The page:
• high throughput screen;
  • gene expression;
  • chemical biology;
  • measurement error;
  • false discovery rate;
  • toxicity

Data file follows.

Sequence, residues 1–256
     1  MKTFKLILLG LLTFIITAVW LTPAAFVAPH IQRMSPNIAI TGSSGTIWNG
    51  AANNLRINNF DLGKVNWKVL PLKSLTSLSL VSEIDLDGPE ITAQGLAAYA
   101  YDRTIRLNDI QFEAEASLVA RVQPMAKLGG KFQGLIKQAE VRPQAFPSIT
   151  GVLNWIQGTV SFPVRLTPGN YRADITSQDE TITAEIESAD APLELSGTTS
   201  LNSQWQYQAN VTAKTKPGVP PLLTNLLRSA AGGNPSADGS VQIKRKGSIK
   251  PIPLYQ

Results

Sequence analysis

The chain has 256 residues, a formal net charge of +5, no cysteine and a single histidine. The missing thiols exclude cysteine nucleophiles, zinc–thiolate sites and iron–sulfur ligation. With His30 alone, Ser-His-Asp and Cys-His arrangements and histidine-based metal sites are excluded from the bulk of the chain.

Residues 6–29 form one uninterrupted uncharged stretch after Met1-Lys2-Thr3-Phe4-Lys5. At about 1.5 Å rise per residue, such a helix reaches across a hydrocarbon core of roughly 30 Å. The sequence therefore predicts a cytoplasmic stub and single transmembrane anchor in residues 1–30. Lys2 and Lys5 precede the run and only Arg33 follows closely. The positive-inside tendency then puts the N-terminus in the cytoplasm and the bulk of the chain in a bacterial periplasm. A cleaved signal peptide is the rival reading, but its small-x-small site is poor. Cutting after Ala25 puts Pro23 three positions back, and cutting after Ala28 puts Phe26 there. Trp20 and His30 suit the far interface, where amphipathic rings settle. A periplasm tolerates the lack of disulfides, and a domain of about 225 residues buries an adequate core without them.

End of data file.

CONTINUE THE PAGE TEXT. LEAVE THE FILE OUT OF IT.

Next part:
The NCI60 human tumor cell line screen is a public resource for studying selective and nonselective growth inhibition of small molecules against cancer cells. By coupling growth inhibition screening data with biological characterizations of the different cell lines, it becomes possible to infer mechanisms of action underlying some of the observable patterns of selective activity. Using these data, mechanistic relationships have been identified including specific associations between single genes and small families of closely related compounds, and less specific relationships between biological processes involving several cooperating genes and broader families of compounds. Here, we aim to characterize the degree to which such specific and general relationships are present in these data. A related question is whether genes tend to act with a uniform mechanism for all associated compounds, or whether multiple mechanisms are commonly involved. We address these two issues in a statistical framework placing special emphasis on the effects of measurement error in the gene expression and chemical screening data. We find that as measurement accuracy increases, the pattern of apparent associations shifts from one dominated by isolated gene/compound pairs, to one in which families consisting of an average of 25 compounds are associated to the same gene. At the same time, the number of genes that appear to play a role in influencing compound activities decreases. For less than half of the genes, the presence of both positive and negative correlations indicates pleiotropic associations with molecules via different mechanisms of action. Copyright © 2009 Wiley Periodicals, Inc. Statistical Analysis and Data Mining 2: 175–185, 2009